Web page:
Why I Bonds Are a Safe Investment

Should You Add Series I Savings Bonds to Your Portfolio?

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Series I savings bonds, or "I bonds" for short, come with guarantees, tax-deferred inflation-adjusted interest, and, after one year, liquidity. They could be one of the best cash investments you ever make.

Key Takeaways

  • I bonds are a good cash investment because they are guaranteed and have tax-deferred, inflation-adjusted interest. They are also liquid after one year.
  • You can buy up to $15,000 in I bonds per person, per calendar year—that's in electronic and paper I bonds.
  • I bonds accumulate interest, and you can cash them in during retirement to make sure you have safe, guaranteed investments available.
  • Interest is a combination of a fixed rate and an inflation rate. I bonds bought between November 2021 and April 2022 had an interest rate of 7.12%.

I Bonds Can Supplement Your Emergency Fund

I bonds make a great second-tier emergency fund. They're second-tier, because you can't sell them within the first 12 months of purchase, so you need other liquid funds to rely on while you build up a stash of I bonds.

The most you can buy is $15,000 per person, per year—that's up to $10,000 in electric I bonds and up to $5,000 in paper I bonds using your federal income tax refund. You can open an account directly with the Treasury Department through the TreasuryDirect website. There's a $25 minimum for electric bonds and a $50 minimum for paper bonds. 

Interest earned on I bonds consists of both a fixed interest rate and an inflation rate. The fixed rate stays the same for the life of the bond, while the inflation rate is set twice a year. For example, new I bonds issued between November 2021 and April 2022 have a combined interest rate of 7.12%. That rate would apply for the first six months that the I bond is owned. Interest is compounded semiannually and is tax-deferred.

When Does an I Bond Change Rates?
Issue Month New Rates Take Effect
January January 1 and July 1
February February 1 and August 1
March March 1 and September 1
April April 1 and October 1
May May 1 and November 1
June June 1 and December 1
July July 1 and January 1
August August 1 and February 1
September September 1 and March 1
October October 1 and April 1
November November 1 and May 1
December December 1 and June 1


Where else can you get guaranteed tax-deferred interest on a safe and liquid investment while knowing that if interest rates go up, yours will also likely go up? That is what makes I bonds an excellent choice for a safe cash investment.

If you want and can afford it, you can build up a significant holding of I bonds by buying the maximum amount of I bonds each and every year.

I Bonds Can Fund Future Health Care Premiums

Health care premiums and out-of-pocket costs could run you up to $300,000 during retirement. Depending on your age and the number of years until you plan to retire, I bonds could give you safe, guaranteed, inflation-adjusted investments available to cover medical costs in retirement.

How to Buy I Bonds

You can open an account line with TreasuryDirect, link it to your bank account, and transfer money to buy the maximum amount of I bonds each year. You can purchase paper I bonds directly with your tax refund each year.

TIPS vs. I Bonds

TIPS bonds (Treasury inflation-protected securities) are different from I bonds. Unlike I bonds, the interest on TIPS is not tax-deferred, so this vehicle may be best owned inside tax-deferred accounts like an individual retirement account (IRA) or Roth IRA. Unfortunately, you can't open an IRA account directly at TreasuryDirect, so TIPS in your IRA must be purchased through a brokerage account.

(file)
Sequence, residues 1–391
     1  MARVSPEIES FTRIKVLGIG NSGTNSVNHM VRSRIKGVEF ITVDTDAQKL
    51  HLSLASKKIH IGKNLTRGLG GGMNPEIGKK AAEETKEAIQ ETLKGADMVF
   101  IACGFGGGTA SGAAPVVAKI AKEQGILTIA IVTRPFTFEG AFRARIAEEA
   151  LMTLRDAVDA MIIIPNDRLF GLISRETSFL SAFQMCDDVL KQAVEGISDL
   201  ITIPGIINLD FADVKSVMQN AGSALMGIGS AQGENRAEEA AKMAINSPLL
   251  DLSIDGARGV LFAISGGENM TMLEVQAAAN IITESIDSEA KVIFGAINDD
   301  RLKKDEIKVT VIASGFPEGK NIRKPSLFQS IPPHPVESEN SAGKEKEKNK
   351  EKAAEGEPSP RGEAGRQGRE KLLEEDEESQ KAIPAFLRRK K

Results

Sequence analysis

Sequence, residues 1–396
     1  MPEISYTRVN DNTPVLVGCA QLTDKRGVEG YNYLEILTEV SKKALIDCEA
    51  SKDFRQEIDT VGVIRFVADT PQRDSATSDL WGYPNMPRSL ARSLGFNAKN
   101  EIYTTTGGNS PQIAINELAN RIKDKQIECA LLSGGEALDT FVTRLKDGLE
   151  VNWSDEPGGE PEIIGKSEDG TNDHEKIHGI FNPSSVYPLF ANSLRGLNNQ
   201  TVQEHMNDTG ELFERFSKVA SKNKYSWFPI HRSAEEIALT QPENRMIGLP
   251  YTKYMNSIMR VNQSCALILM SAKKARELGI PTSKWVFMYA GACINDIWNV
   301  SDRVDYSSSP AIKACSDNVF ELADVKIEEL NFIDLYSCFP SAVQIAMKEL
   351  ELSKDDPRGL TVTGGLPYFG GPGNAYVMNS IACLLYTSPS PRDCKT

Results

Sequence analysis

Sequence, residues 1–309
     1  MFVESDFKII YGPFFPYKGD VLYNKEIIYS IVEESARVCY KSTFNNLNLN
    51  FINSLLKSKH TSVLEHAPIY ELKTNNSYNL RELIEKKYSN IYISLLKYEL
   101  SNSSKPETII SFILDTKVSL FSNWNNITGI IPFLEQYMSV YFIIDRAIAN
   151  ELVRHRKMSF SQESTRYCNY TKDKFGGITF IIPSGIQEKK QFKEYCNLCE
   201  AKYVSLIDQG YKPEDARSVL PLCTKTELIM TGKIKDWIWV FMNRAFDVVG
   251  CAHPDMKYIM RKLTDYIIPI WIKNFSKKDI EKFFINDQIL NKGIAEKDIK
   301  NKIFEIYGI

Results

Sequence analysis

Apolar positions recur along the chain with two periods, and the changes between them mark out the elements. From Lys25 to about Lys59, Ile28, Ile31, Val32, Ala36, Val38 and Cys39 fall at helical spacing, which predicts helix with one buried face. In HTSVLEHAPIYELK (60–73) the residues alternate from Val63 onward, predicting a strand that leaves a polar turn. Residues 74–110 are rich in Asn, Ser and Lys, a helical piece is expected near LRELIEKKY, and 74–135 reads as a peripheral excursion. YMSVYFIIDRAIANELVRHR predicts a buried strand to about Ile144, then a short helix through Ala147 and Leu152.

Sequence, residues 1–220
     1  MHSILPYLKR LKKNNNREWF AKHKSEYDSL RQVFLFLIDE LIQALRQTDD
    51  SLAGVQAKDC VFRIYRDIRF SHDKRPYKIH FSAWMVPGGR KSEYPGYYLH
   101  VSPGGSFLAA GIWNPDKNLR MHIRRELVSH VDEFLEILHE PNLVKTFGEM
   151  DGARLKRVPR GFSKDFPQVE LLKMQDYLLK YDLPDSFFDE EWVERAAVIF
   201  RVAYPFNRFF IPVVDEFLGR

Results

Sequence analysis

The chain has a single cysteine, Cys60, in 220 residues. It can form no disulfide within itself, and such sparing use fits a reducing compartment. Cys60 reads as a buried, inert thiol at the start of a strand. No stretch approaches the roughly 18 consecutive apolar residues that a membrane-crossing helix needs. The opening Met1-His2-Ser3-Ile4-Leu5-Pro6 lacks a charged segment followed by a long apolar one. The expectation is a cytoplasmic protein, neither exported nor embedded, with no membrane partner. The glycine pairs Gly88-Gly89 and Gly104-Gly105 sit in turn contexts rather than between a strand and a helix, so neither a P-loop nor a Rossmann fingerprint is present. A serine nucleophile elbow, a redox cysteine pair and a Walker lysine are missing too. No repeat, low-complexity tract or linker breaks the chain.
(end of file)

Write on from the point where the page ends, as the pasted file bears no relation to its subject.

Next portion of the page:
Tax Treatment of I Bonds

The taxable income on Series I bonds can be deferred until the time of redemption. With bonds that have been held for decades, it can add up. If the proceeds are used for higher education expenses, the bond can be excluded from taxable income. Otherwise, the interest you earn on your I bond is subject to federal income taxes; federal estate, gift, and excise taxes; and any state estate or inheritance taxes.

Frequently Asked Questions (FAQs)

How can I find out how much my bonds are worth?

You can use the TreasuryDirect website to calculate the value of your savings bonds. If you have electronic bonds, simply log into your account and look up any current bonds you own. For paper bonds, you can use the online calculator to enter your bond information and find out what it's currently worth.

How long does it take for a Series I Savings Bond to mature?

An I bond matures for 30 years or until you redeem it, whichever comes first. It will accrue interest as long as it is maturing. You can redeem the bond after you've had it for 12 months. However, if you redeem it before it's five years old, you will pay a penalty worth the last three months of interest.

How do I cash in my savings bonds?

You can cash electronic bonds on the TreasuryDirect website and have the income directly deposited into your checking or savings account. If you have paper bonds, you can take them to your bank to cash or mail them to Treasury Retail Securities Services, along with FS Form 1522.

The Balance does not provide tax, investment, or financial services and advice. The information is being presented without consideration of the investment objectives, risk tolerance, or financial circumstances of any specific investor and might not be suitable for all investors. Past performance is not indicative of future results. Investing involves risk, including the possible loss of principal.

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